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Before cult classic Point Break and sci-fi winner Strange Days, Kathryn Bigelow had an 80’s vampire gem called Near Dark. Having heard a lot of good word of mouth on this one, and my love for Days, I needed to check it out. Vampire films have a tendency to become redundant, always following rules and never being creative. Seeing 30 Days of Night add a little something to the genre, it was interesting to see what Bigelow and co-writer Eric Red brought to it two decades earlier. For one, the word vampire is not used even once to my knowledge. Our lead character has turned and is experiencing all the symptoms, yet when asked what is happening, all he can say is you won’t believe me. It is just too easy to say, “I think I’ve been bit by a vampire,” and that’s why I love the innocent naïveté here. He is just scared of what he’s been seeing; there are no words to explain it. I also must say that I enjoyed the way in which the story was told. Rather than be about the clan killing, it is instead about a new convert and his understanding of the situation. This is the victim’s film, not the monsters.

I don’t quite know the complete story on Bigelow, but it appears she has many friends in the sci-fi genre. For one, James Cameron wrote Days for her, and we have a connection with actress Jenette Goldstein, who appeared in Terminator 2. Oh, and she was married to him for a couple years. The thing I don’t know is her relationship with Ridley Scott. Between Bill Paxton and Lance Henriksen being in the cast and a movie theatre marquee in the background having Aliens on it, I have to believe there is a connection. One thing is for certain, however, she should keep using them. Point Break, is nothing but a guilty pleasure, K-19: The Widowmaker is solid, but unspectacular, and I’ve only heard bad things about The Weight of Water. Hopefully Bigelow will get a project that has a bit of ingenuity in it again. Heck with Cameron back behind the camera on Avatar and Eric Red back in the biz with 100 Feet, a new collaboration would be welcome.

Back to the film at hand, despite it dripping 80’s-cheese, complete with a soundtrack from Tangerine Dream, it is quite well made. Visually, the effects are kind of outstanding. While it never goes too crazy, these aren’t the vampires of stories we might think of, the gore factor is nicely orchestrated. The burning from daylight is realistic, the smoke emanating off of the characters is great; when Paxton is hit by a truck, his face is bloodied and pulpy, but never cartoonish; and when a character at the end is running in the sun, the effect of adding flames on him is pretty astonishing for 1987.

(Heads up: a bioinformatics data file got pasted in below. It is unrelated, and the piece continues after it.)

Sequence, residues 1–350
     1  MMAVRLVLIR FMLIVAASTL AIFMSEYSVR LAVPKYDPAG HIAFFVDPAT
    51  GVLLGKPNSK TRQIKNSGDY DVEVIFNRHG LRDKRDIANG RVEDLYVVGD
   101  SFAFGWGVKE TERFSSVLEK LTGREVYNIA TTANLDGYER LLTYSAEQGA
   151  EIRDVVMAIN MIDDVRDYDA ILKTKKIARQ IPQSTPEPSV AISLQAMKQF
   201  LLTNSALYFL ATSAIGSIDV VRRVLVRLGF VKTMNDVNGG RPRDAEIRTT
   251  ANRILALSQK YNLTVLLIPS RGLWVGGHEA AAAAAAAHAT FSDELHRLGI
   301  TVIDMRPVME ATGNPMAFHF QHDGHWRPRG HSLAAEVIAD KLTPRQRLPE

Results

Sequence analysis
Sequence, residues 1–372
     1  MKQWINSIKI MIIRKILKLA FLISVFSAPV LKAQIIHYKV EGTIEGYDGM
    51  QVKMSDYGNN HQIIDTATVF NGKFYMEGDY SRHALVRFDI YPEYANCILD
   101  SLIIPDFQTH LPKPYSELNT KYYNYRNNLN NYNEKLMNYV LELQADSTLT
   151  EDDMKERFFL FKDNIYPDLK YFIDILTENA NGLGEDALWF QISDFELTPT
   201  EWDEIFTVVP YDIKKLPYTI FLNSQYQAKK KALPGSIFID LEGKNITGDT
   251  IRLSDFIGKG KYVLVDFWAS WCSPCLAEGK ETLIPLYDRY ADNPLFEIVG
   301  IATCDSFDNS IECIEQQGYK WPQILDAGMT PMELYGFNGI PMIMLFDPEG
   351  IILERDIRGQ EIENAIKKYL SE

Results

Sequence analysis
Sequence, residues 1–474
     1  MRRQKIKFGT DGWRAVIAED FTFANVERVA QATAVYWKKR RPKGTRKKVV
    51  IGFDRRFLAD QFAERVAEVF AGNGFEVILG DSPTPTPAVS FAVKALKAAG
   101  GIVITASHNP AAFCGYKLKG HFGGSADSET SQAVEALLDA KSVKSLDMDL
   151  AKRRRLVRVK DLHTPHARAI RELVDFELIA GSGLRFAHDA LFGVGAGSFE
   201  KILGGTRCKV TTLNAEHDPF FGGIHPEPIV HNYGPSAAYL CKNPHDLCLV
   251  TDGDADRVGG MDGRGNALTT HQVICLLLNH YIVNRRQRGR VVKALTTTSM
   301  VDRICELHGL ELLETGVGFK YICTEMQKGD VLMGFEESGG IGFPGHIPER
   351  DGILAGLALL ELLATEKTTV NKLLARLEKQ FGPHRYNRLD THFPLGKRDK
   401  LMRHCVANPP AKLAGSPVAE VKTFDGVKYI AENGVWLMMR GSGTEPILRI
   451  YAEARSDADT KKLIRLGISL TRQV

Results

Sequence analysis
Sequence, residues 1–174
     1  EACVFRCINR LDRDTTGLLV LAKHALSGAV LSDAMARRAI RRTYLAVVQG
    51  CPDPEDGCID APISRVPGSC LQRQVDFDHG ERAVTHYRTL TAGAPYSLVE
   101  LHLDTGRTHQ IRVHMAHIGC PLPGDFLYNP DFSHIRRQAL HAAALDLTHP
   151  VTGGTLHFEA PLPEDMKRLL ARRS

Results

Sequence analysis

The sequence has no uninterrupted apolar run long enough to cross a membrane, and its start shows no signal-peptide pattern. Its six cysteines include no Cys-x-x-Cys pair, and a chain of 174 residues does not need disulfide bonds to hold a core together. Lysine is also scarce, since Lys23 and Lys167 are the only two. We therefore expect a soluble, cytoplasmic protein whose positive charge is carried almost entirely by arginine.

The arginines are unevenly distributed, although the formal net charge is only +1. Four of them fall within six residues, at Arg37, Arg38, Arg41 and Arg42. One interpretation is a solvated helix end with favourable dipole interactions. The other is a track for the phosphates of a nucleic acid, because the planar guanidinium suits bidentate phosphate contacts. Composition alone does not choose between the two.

Then there is the acting. No one does crazed mania better than Bill Paxton. Channeling his great over-the-top role in Aliens, his Severen is the best part of the movie. Between the one-liners and the facial expressions, the guy creates a persona like no other. He carries the best scene of the film, a bar fight, with ease. Well, he does get some help from his ragtag bunch of friends. Henriksen is just plain scary as usual and Goldstein is a good companion for him. When they ask the waitress for just a glass, although you know where that will go, it is a vicious sequence nonetheless. Little Joshua John Miller also brings something to the group. I like the concept that he is an old man in a small body, being immortal that is, and his attitude and smoking/drinking is pretty jarring and impressive considering I’m sure his parents needed to sign off on the part.

True, although the supporting cast is what becomes ultimately memorable from the film, the two leads do a nice job as well. Jenny Wright has the look and delivery needed for her role of the girl in love trying to keep a bit of humanity in her life of darkness. Then there is Adrian Pasdar as Caleb, the young man thrust into a life of nightwalking. I had never seen or heard of him until tv’s “Heroes,” but he does well in an early role here. With his morality coming in direct conflict with his survival, not only as a vampire, but as a member of Henriksen’s gang, his lack of being able to commit murder adds a layer to his role that lets the audience truly relate to him. His struggle is the most interesting plotline of the story and he holds it up well.

As a final note to the ingenuity of making a vampire film without ever falling into the traps of one, comes the blood transfusion thread. Besides the immortality, need for blood, and aversion to sunlight, there really isn’t much more to the myths you hear. The most intriguing of the changes is with the ability to cure oneself of the “illness.” I cannot think of another instance where one could be cured of the affliction. When Pasdar’s Caleb asks his father whether he had ever transfused a man, I was blown away. The concept seemed so simple and surprisingly foreign to me. The ability to pull it off could never have happened if these monsters were verbally coined vampires, though. Like Danny Boyle’s 28 Days Later, not being constrained in the conventions of the genre leads to innovations that may never have been possible otherwise. As far as the three characters involved in the transfusing having the perfect blood type match, that’s a completely different question.

Near Dark 8/10

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